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Point of view: A building plan for a resilient society

May 27, 2020 / alpMedia
The corona crisis has broken our lives into pieces: relationships, working models, leisure and consumerism are loose building blocks. It is still unclear how we will reassemble them. We now have the chance to draw up a new building plan that is fit for the future, says Barbara Wülser, Co-Executive Director of CIPRA International.
Image caption:
Barbara Wülser, Co-Director CIPRA International(c) Darko Todorovic

Measurements prove it: energy consumption and CO2 emissions are falling thanks to the measures taken to contain Sars-CoV-2. There is less noise and less seismic vibration, but more birdsong and better air. But let us not fool ourselves: this is not the ecological turnaround! We are currently experiencing one of the warmest months since measurements began and a third dry summer in a row is just around the corner. In order for our post-coronal life and economic activity to succeed, we must give equal weight to ecological and economic aspects in the Future Building Plan. The construction kit may be expanded, while harmful elements must be removed.

There is a danger that governments, in the name of reconstruction, will pour billions into maintaining a system that creates many losers and only a few winners – billions that were promised for the fight against climate change and will now go missing. What we need is a fair burden-sharing to cushion the negative effects of globalisation that have contributed to these crises; the corona crisis as well as the climate crisis. The establishment of global governance for global problems, both in the health and environmental fields, cannot be put off.

What is decisive is how the expected economic stimulus packages are to be targeted and which industries are to be supported with which criteria. The goal of all measures must be to establish a resilient social and economic order where production and consumption are geared to the resources actually available.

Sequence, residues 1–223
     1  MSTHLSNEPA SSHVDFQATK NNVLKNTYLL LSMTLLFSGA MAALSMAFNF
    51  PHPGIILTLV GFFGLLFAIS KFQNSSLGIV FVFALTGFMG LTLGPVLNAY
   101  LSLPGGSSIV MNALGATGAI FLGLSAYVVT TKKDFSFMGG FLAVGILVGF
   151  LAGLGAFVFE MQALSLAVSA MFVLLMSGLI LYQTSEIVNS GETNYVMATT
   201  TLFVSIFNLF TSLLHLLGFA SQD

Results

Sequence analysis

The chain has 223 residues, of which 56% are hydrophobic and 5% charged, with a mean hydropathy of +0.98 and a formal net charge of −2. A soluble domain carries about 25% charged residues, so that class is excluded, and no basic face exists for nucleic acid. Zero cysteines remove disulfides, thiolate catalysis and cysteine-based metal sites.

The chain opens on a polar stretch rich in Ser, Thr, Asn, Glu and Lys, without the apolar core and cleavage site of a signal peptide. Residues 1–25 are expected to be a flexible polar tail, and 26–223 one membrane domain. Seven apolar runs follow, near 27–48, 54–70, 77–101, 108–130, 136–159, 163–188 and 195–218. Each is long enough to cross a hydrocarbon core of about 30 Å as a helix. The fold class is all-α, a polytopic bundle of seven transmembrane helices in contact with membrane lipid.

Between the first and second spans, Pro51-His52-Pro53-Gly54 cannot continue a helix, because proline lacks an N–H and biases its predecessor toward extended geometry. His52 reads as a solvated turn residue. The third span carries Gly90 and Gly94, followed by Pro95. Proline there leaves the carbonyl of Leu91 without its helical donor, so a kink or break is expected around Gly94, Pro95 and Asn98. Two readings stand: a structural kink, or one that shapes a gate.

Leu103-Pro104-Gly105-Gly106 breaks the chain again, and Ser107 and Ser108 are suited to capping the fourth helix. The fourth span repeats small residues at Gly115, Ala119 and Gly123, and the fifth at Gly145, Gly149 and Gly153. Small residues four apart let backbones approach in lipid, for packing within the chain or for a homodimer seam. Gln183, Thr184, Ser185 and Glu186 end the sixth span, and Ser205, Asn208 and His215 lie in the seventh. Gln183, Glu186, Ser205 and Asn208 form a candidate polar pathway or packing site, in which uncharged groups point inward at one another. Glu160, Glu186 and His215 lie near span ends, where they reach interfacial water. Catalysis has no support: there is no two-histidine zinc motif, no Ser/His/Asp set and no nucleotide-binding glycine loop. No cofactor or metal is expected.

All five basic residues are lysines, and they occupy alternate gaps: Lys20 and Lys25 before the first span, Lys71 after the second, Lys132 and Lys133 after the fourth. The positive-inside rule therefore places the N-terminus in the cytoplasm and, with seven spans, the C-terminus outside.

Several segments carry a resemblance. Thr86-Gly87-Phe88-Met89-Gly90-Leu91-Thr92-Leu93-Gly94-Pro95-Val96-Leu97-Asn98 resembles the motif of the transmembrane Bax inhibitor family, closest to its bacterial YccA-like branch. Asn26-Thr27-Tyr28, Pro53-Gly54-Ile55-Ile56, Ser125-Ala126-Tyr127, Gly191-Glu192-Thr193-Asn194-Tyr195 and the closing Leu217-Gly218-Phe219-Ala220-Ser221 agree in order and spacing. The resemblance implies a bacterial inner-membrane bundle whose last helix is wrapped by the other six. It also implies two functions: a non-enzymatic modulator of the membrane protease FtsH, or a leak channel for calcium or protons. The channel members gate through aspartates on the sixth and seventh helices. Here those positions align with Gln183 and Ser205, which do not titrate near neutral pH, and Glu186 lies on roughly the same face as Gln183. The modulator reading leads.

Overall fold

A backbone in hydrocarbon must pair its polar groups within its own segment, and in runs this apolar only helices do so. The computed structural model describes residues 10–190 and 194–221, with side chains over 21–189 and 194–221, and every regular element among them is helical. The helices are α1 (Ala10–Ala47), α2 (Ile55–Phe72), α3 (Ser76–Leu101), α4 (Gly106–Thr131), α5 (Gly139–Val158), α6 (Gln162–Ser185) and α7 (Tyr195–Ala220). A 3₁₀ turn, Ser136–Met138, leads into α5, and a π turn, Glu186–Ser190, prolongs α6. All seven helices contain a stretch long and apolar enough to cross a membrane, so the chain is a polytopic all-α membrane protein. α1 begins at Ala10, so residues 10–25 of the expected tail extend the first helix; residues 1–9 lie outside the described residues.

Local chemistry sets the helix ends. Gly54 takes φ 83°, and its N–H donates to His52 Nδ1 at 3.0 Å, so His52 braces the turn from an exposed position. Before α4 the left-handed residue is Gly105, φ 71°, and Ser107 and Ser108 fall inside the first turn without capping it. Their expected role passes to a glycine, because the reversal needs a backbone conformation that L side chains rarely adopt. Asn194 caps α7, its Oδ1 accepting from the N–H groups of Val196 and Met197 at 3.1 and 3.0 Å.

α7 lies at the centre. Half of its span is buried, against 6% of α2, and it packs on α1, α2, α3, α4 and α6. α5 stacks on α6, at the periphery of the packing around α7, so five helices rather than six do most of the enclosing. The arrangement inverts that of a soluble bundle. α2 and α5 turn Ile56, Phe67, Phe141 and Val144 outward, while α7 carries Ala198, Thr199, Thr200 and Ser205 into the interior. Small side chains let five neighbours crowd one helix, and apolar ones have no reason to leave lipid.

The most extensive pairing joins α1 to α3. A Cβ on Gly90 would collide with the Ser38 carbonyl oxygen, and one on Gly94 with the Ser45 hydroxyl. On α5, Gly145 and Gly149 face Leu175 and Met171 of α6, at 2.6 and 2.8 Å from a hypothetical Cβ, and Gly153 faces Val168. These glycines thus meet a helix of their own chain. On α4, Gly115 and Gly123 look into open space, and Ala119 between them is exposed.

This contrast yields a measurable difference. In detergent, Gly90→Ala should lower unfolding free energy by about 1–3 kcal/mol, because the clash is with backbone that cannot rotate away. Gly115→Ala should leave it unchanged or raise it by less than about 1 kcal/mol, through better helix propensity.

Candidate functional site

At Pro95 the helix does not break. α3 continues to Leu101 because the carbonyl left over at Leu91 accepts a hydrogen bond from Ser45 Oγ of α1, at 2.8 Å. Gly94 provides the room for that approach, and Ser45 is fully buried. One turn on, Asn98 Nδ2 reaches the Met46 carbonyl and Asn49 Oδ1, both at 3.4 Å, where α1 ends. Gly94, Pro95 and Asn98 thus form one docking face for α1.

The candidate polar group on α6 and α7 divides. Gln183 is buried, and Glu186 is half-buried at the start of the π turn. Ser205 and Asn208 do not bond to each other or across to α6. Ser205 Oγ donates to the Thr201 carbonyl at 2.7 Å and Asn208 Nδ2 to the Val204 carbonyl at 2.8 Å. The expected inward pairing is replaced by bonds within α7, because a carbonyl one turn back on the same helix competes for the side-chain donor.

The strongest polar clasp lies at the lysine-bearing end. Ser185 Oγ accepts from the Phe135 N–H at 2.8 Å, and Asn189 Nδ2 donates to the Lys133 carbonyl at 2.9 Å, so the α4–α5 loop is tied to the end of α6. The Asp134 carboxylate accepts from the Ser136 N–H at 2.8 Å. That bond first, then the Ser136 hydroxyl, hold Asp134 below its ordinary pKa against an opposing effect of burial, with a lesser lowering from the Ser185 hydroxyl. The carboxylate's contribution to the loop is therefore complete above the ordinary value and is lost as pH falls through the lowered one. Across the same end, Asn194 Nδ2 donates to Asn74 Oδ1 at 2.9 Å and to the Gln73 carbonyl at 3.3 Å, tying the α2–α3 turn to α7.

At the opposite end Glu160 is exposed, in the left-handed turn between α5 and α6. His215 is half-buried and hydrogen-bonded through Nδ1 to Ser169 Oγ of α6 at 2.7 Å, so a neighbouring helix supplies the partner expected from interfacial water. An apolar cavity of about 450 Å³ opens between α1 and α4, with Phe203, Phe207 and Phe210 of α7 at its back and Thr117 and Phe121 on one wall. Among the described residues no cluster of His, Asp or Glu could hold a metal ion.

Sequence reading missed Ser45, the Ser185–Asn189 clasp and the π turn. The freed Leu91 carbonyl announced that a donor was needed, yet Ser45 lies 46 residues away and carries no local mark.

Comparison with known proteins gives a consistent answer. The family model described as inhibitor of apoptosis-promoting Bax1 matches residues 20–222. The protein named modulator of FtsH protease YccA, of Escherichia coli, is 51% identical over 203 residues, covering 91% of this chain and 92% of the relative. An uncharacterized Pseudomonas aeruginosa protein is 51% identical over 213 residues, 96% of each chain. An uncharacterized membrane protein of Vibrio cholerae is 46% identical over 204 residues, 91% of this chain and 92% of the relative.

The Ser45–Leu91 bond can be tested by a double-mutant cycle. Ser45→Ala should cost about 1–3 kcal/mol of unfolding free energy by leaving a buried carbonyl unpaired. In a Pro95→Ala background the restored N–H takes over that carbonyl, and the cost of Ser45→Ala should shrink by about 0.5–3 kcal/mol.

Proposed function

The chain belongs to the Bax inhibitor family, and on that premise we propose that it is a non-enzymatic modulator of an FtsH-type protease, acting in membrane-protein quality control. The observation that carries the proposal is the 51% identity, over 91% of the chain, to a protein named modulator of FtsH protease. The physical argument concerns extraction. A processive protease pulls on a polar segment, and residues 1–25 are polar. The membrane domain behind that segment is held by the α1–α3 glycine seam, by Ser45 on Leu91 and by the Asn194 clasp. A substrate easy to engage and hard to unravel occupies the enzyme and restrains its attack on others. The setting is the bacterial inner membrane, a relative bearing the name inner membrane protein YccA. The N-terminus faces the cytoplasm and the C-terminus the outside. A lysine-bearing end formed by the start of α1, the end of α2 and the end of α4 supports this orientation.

In many Alpine regions there are already suitable approaches to solving this problem. Comparatively short, regional value-added chains strengthen the local recycling economy and thus independence from external influences. Local communities promote cooperation and comparison with those who think differently. Freedom and a lack of consumption opportunities stimulate personal responsibility and social innovation, whether it be by repairing appliances instead of buying new ones, by providing childcare or care for the elderly, by running the last remaining inn in the valley or by jointly organised food purchases.

There are also many technical innovations to hand. They often only need an initial impulse, such as start-up funding or demand due to changed conditions – such as now. It is a matter of developing positive visions together and passionately demanding their implementation. This requires networking, cooperation and exchange of knowledge and experiences, from the local to the international.

In the corona crisis, the nation states have distinguished themselves as crisis managers. This crisis can be overcome at some point by means of isolation, medication, vaccinations, etc. The crisis has also shown how quickly we can adapt. Let us make use of this learning experience! The construction plan for the post-corona period must include the prevention of the climate crisis. Because climate change cannot be reversed.

Sources and further information: (de), (de), (de),,sendung1032078.html (de), (fr)